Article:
The Official Review Thread of 2018

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Re: The Official Review Thread of 2018

Postby Big Magilla » Thu Dec 27, 2018 2:54 am

anonymous1980 wrote:AQUAMANCast: Jason Momoa, Amber Heard, Willem Dafoe, Patrick Wilson, Nicole Kidman, Dolph Lundgren, Yahya Abdul-Mateen II, Temuera Morrison, Ludi Lin, Randall Park, voices of Julie Andrews, John Rhys-Davies, Djimon Honsou.
Dir: James Wan.


By virtue of her being in this film, Julie Andrews has once again accomplished something extraordinary thanks to whoever it was that cast her.

In 1963, as everyone knows, she was bypassed by Jack Warner for My Fair Lady because she wasn't a screen name and was then cast by Walt Disney in Mary Poppins for which she won her 1964 Oscar.

64 years later, the sequel to Mary Poppins opens on the same day as her latest film and that film doubles the box-office receipts of the Poppins sequel in its opening weekend. Yes, Mary Poppins Returns in the person of Emily Blunt but the original is still around and doing quite well for herself.
“‎Life is a shipwreck, but we must not forget to sing in the lifeboats.” - Voltaire

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Re: The Official Review Thread of 2018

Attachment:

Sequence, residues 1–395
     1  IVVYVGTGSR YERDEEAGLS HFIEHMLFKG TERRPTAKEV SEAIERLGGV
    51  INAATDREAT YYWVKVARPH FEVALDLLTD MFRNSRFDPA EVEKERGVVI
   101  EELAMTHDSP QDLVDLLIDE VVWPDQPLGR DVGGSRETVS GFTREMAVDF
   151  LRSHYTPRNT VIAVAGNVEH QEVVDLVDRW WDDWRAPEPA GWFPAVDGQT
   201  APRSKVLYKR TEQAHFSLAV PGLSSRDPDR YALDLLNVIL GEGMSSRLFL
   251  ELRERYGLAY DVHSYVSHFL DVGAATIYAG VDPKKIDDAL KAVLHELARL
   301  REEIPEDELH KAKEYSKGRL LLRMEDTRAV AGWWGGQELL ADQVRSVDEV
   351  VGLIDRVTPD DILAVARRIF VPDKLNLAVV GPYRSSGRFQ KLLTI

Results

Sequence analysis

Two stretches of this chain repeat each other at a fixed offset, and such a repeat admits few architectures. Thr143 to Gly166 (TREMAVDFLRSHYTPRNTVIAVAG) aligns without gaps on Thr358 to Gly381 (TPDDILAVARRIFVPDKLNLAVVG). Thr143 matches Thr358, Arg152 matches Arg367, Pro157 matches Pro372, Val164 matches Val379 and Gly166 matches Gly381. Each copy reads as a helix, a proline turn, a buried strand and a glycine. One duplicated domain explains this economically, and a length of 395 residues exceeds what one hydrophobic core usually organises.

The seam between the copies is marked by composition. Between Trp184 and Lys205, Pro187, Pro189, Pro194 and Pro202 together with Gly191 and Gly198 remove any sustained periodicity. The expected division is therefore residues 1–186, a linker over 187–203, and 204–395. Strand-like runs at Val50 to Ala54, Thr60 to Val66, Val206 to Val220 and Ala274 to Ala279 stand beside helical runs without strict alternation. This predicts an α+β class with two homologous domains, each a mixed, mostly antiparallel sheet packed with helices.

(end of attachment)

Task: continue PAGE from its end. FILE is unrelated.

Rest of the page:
Postby ITALIANO » Wed Dec 26, 2018 3:24 pm

Sabin wrote:[ Like, when they are both in Paris and everything is gorgeous, they can't help but stagnate.


Here there is also the theme - not original, before and since "The Unbearable Lightness of Being", but always very interesting - of how those who used to live under a dictatorship feel confused and inadequate when they suddenly move to the "land of freedom", and how this can affect their relationships, too. It's an important subject, but, like others in the movie, not explored as it deserved to be.

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Re: The Official Review Thread of 2018

Postby Sabin » Wed Dec 26, 2018 2:47 pm

Italiano wrote
For once, I wished this movie would be longer - more detailed in exploring the love story, less vague in dealing with minor but potentially interesting characters, like those played by Borys Szyc, Jeanne Balibar and especially the great Agata Kulesza - she has only a few scenes at the beginning, yet suggests a whole world behind her.